The heterodyning upon which the pitch side of most analog Theremins are based creates a null, or zero beat, when the player's hand reaches some distance from the pitch antenna. I see the null as prima facie evidence of non-linearity, because equal hand distance movements, wherever they are located in the playing space, should produce equal ratios of pitch, and zero can't be produced ratiometrically. Ideally (in terms of linearity, not necessarily how any particular player desires their dream Theremin to behave) we should get lower pitches moving away from the pitch antenna, and never reach zero Hz. Alternatively, pitch might have some hard lower limit below which it couldn't drop.

Approaching the antenna, again in an ideal linearity sense, the pitch should give equal ratios of pitch until one is right at the antenna, whereupon some maximal pitch should be reached.

Just thinking aloud. Heterodyning is fascinating in that it gives you a fairly linear sounding mid field from a really complicated input. I can't help but wonder though: if one were able to use more complex functions to interpret the LC pitch data, and starting out with a fresh piece of drafting paper, might one find oneself using something other than heterodyning (or the mathematical equivalent, subtraction) as the first processing step? I've played around a bit with the hand capacitance vs. distance formula in my Theremin spreadsheet, but I think it needs to be simplified somewhat in order to produce a practical substitution for the heterodyning function (e.g. it doesn't necessarily need the input constants to correspond to actual physical dimensions).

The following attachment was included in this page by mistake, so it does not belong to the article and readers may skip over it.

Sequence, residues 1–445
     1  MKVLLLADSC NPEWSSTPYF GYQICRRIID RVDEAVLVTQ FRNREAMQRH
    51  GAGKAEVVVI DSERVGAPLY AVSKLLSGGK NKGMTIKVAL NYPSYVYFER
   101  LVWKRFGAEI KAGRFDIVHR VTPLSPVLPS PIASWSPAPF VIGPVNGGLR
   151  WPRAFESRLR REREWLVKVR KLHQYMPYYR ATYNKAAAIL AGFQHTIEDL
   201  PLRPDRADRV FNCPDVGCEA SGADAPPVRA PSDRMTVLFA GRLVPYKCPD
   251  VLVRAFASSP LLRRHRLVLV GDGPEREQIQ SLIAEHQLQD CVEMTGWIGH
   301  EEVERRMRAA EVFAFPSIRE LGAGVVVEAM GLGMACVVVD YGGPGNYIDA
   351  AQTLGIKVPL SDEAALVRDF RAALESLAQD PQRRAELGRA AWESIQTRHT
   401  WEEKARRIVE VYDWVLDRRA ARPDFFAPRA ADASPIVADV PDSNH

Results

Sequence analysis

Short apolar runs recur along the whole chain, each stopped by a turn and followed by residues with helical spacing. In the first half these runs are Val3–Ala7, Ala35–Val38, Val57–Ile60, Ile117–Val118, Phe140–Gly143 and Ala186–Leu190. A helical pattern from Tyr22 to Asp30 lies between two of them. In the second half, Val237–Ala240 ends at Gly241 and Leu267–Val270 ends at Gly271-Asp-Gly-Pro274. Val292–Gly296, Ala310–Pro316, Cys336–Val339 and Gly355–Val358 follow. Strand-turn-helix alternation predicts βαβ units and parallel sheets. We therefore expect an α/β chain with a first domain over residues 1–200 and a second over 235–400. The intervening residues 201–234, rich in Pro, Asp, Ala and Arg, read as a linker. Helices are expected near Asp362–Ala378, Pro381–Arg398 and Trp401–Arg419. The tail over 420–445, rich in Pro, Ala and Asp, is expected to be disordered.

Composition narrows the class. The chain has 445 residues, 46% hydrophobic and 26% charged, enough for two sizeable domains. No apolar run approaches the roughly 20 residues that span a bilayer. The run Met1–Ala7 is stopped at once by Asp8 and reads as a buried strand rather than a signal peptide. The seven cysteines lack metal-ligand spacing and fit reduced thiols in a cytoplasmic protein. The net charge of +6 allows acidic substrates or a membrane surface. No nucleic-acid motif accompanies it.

My current approach to linearity is to take the difference frequency number from the DPLL loop filter integrator (~heterodyning), take the log base 2, subtract from it some constant ("CENTER") that roughly corresponds to the mid field value, square and scale it ("A"), and subtract it from the initial log base 2. The result of this, since it is in the log domain, can have a simple multiplicative factor that increases/decreases the sensitivity ("TILT") and a simple additive factor that increases/decreases the relative pitch ("OFFSET"). The result of this is sent to the LED tuner, and taking the EXP2 of it feeds the NCO or software oscillator. Here is a block diagram that might make the process clearer:

(Not represented in the text nor diagram is a trivial "sign" function that makes the linearizing factor follow the sign of the log2 input. Also not represented is low pass filtering of the input frequency value.)

While only some of this has actually been up and running on my prototype, I believe this approach is "good enough" to put in a fairly ideal Theremin. But starting out with the difference frequency in the first place may not be the most elegant approach. In particular, non-linearities very close to and very far from the antenna still exist, and may behave rather oddly should the null point drift significantly.

The beauty of the above approach is that there are only two rather simple controls for linearity, "CENTER" sets the balance between near field and far field linearization, and "A" sets the linearization strength. "CENTER" might be set by pressing a button with the hand at mid field, with the result fine tuned via up/down buttons or a knob. "A" might be set manually (again via up/down buttons or a knob) by comparing mid field and near field pitch behavior, or by "tuning out" weird behavior very near the pitch antenna.